Knowing how to build a sailboat is one thing, but do you know how to build a shed? Not having access to a large enough building, constructing a temporary construction shed was the first thing we had to do when we set out to build Alacazam, our 'ideal' offshore cruising sailboat.
As a custom-designed one-off sailboat, Alacazam had been designed specifically to meet our requirements for long distance sailing, and living aboard for extended periods.
She would be of medium to light displacement, robust, easily handled by a cruising couple - and reasonably quick. But back to that shed...
We won't dwell too long on the shed construction; suffice to say that the uprights were made of 4" by 4" (100mm x 100mm) timber, the trusses of 6" by 1" (150mm x 25mm), the ridge beam of 6" x 2" (150mm x 50mm) and the gusset plates cut from half inch (12mm) ply.
Diagonal wind bracing was incorporated in the ends of the structure to prevent the whole shebang from collapsing in the first stiff breeze.
Rather than concreting the uprights in pits we built plywood boxes around the bases of the uprights and drove steel pins down into the ground within the boxes.
These were then filled with concrete - that shed was never going anywhere...
Finally we clad it in heavy duty reinforced polythene sheeting, with roll-up 'doors' at each end.
That's it; no more about the shed...
This is the rigid structure supporting the temporary frames upon which Alacazam's hull would be built.
It had to be absolutely secure, or the hull frames could end up out of alignment - which would have been less than ideal...
The longitudinal timbers were 8" x 4" (200mm x 100mm) timbers held in place by the same concrete block and steel pin technique that we used for the shed.
Before fixing the frames, the centreline was marked on all the horizontal crosspieces using a theodolite, and a horizontal plane on all the uprights with an engineers' level.
Great care had been taken to ensure the uprights were truly vertical and spaced at 1m intervals - and you'll see why this is so important very soon.
Alacazam's designer, Andrew Simpson - a man who knows exactly how to build a sailboat, having built several others before this one - developed the hull lines and hydrostats with Vacanti's 'Prolines' design software and created the construction drawings with 'AutoCad'.
This package generated coordinates at various cross-sections at 1m intervals (stations) along the length of the hull, and enabled us to mark out full-size templates for the temporary frames on sheets of chipboard.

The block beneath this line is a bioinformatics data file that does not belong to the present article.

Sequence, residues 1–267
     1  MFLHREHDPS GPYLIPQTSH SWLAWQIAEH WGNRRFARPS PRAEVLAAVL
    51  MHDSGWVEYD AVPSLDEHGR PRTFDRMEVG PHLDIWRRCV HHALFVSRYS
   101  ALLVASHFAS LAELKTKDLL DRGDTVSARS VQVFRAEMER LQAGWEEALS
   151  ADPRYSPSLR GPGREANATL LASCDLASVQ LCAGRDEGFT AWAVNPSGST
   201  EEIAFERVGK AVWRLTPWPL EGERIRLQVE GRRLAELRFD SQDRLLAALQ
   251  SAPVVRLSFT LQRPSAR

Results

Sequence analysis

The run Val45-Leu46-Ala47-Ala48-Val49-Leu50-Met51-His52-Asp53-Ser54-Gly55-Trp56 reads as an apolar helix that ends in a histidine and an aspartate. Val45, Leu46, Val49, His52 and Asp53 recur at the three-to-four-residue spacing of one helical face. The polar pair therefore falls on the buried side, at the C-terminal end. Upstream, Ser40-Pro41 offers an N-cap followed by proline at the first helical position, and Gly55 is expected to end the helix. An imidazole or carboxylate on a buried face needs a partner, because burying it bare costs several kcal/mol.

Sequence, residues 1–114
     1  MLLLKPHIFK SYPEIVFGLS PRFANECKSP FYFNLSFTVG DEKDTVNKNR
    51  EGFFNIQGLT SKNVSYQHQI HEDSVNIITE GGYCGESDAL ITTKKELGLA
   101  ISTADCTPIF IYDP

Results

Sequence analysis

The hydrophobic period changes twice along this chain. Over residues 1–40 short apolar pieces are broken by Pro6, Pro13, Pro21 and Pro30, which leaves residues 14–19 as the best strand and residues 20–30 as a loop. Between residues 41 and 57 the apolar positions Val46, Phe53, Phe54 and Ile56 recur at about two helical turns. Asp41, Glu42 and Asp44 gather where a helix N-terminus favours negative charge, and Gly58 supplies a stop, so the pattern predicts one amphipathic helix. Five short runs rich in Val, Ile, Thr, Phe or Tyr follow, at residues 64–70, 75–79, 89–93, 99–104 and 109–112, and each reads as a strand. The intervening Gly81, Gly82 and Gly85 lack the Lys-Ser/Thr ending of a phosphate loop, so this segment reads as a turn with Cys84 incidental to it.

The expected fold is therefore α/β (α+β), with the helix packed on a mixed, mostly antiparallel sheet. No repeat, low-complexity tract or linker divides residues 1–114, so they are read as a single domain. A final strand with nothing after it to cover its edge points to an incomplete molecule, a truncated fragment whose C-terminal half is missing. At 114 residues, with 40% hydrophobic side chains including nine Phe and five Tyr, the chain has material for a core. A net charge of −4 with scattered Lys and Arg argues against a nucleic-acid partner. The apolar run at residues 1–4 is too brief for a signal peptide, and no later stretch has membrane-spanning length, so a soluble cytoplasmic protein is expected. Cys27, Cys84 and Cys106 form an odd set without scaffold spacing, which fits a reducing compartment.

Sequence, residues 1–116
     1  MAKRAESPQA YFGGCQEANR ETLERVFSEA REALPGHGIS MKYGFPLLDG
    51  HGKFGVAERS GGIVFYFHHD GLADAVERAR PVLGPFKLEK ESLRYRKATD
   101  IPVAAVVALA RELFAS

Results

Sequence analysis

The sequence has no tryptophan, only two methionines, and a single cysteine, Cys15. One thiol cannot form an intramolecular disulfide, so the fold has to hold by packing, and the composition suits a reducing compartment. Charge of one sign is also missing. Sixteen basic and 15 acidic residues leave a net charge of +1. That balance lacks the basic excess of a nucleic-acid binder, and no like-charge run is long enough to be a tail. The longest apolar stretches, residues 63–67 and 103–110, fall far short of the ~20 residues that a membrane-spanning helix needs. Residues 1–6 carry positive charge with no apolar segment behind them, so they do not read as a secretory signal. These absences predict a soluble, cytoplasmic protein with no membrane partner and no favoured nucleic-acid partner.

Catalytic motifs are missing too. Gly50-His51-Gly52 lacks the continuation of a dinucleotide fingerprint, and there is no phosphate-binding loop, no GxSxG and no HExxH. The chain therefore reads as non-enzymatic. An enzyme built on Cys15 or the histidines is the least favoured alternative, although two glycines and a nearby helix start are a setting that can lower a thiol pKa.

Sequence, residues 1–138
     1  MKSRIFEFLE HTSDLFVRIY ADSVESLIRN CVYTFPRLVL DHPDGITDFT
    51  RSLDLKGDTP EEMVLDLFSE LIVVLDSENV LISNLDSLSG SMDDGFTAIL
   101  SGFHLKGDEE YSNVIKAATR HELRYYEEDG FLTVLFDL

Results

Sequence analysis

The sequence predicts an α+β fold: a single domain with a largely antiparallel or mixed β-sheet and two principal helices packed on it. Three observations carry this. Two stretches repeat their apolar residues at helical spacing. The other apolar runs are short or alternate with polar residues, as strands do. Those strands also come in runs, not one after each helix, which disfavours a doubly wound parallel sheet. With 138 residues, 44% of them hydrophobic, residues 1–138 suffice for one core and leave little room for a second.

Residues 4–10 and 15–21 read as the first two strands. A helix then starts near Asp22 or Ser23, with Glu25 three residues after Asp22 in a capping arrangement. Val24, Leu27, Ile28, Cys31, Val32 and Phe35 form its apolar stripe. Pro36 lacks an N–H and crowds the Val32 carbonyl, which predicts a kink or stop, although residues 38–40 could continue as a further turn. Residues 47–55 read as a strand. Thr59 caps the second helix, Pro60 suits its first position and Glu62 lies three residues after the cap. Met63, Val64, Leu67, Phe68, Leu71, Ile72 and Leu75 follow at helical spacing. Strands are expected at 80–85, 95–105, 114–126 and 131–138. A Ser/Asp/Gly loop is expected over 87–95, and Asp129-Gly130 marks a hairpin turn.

Making due allowance for the hull thickness, we cut out the templates with a jigsaw and assembled them - glued and screwed - into full-size frames.
Both the centreline and the design waterline were marked on each one, along with the station reference number.
The next stage was to fix the temporary frames to the stillage uprights, preferably in the correct order.
The frames were aligned with the centreline marked on the horizontal crosspieces, and levelled such that the marked waterline was a fixed distance from the horizontal plane marked on the uprights. Every frame was checked and double-checked for level and alignment before being fixed firmly in position.
The stem was fashioned from a section of solid mahogany, to which the forestay chainplate would be bolted.
This would eventually have a shaped section of mahogany bonded to it, forming the bow and which would offer some protection to the chainplate in the event of collision.
It was to a degree sacrificial in the event of a coming together, but hopefully it wouldn't come to that.
Now we could see what Alacazam's hull with its pronounced tumblehome would really look like, albeit the wrong way up. What's tumblehome? It's the section of the hull which curves upward and inward towards the centreline.
The shed together with the mysterious goings-on inside created a great a deal of interest in the boatyard. Several curious passersby couldn't resist a peep inside, one of which was kind enough to point out that "it wasn't a good idea to build a boat with chipboard", referring to the temporary frames around which Alacazam's hull was to be built.
"But it's marine grade chipboard", we told him. He seemed happy with that explanation and continued on his way. Clearly it was time to start building...
and a little bit of nonsense:~
Sailing Jargon Buster
This week's word is...
Careen ~ A old boating term meaning to intentionally lay a vessel over on its side so that marine growth can be cleaned off her bottom. A place traditionally used for careening is known as a careenage.